After having spent a week walking on the Isle of Skye one gets a rather unique appreciation for the shape of places and f you add to this the drawing and illustrating of maps for Bombus I have a vivid image of the silhouette of the island. Skye, for example has a very pleasing wiggly splosh shape, and has a nice lot of contours which are always fun to draw. Largely for this reason I dragged my small family along on the two day drive from Kent to Skye.

I am not what you would call 'the outdoorsy type'. I don't own any waterproof shoes, or indeed a coat that does up. Let's say I do not have a sportif physique; being somewhere on the scale between Rubenesque and spherical. On top of this I have the weight of an unwilling 10 year old to haul about. By some awful quirk of fate my partner is a keen hiker and fitness enthusiast, so even after the long drive he was pretty thrilled to be on a remote corner of an island where scenery and walks are the the main tourist attraction.

It's impossible for me to do justice to the beauty of Skye in this article, but truly it may be the most beautiful landscape I have visited, in or outside the UK. It is a wonderful mixture of wild and comforting, dramatic and sublime. In short, it was enough make me want to go on a serious walk. Negotiating walking styles with someone is unable to walk more than 10 meters without getting palpitations and a daughter who wistfully compares the rugged Scottish landscape to Minecraft worlds can be tricky. I have discovered some rather excellent  coping strategies that I'd like to share with you:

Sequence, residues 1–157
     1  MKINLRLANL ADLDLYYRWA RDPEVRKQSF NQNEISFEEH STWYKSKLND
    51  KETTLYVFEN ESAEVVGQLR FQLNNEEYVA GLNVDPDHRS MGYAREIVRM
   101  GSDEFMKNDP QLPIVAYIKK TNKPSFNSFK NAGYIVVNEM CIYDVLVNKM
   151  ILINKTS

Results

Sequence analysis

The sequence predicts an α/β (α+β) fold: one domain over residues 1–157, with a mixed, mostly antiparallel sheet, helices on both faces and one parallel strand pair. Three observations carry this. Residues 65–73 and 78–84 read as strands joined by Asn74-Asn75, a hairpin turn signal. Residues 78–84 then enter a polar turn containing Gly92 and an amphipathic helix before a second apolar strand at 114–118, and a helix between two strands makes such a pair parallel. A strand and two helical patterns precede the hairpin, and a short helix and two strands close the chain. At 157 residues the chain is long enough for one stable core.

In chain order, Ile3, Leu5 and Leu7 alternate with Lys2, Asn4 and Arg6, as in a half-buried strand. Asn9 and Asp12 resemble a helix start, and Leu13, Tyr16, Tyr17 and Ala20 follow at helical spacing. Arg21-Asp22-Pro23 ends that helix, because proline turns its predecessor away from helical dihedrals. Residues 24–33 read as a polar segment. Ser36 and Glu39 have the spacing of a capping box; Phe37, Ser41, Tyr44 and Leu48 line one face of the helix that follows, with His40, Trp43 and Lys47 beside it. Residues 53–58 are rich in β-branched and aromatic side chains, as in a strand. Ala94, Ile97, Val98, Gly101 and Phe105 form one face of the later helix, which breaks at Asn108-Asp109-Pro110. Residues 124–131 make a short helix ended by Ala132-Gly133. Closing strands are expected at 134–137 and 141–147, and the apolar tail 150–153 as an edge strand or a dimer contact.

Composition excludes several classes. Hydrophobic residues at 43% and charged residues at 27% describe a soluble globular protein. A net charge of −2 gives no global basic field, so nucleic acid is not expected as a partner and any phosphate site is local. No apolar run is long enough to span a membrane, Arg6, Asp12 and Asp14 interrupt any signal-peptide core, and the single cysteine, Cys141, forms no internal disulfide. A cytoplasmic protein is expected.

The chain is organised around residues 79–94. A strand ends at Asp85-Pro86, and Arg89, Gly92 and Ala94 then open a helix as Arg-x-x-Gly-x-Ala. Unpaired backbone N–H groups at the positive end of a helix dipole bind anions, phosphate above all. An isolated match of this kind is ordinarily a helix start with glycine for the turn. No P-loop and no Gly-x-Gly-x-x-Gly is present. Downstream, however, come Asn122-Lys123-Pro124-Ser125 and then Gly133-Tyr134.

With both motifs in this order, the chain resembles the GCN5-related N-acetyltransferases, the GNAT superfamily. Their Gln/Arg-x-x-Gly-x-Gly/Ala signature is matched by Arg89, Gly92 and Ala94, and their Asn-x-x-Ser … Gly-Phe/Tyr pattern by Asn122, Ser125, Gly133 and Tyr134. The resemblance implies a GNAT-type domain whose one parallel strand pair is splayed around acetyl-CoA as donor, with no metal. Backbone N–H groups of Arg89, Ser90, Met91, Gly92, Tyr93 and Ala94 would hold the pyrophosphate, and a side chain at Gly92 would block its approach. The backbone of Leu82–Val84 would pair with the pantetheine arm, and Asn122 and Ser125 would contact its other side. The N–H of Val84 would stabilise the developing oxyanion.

Chocolate

  • I can't tell you how often confectionery saved the day by providing both bribery power and calorific motivation.
  • Taking in the view. Slowly.
  • Taking opportune moments to stop and survey the view is a particularly good idea on a steep (or modest) incline, even when the view is a bus stop and some sheep poo.
  • I've extended this fabulous technique into full-on diary log sketches for maximum length rest breaks.

Talk to people

  • We stopped and talked to everyone; me because I wanted a break, Matt because he's a nice person.  We met some lush people and even got an impromptu needle-felting lesson on our way.
  • You can be over keen.
  • If you think that marshland is safe just because sheep are standing on it, you're probably wrong. Once you're ankle deep in mud next to a smug sheep don't encourage your family to run fast to get out of it. Once you're thigh deep in mud, don't struggle. Ease, flop and roll is my top tip.

Feigning interest in birds of prey

  • Indulging your partner's fetish for falconry can buy you minutes of cardio recovery time.

Force yourself even if you're not up for it

Over our few days of walking I discovered wonderful things by denying my inner sloth. I headed down the most terrifyingly steep steps to get to the most westerly point in Skye and it was actually just about worth the walk back up again. I got mud soaked  through to my underwear  before finding the most wonderful coral beech with turquoise waters and incredible shells. Most importantly, the warmth of virtuous smugness more than makes up for the muscle ache and a certain degree of chaffing.

Author: Esther Miles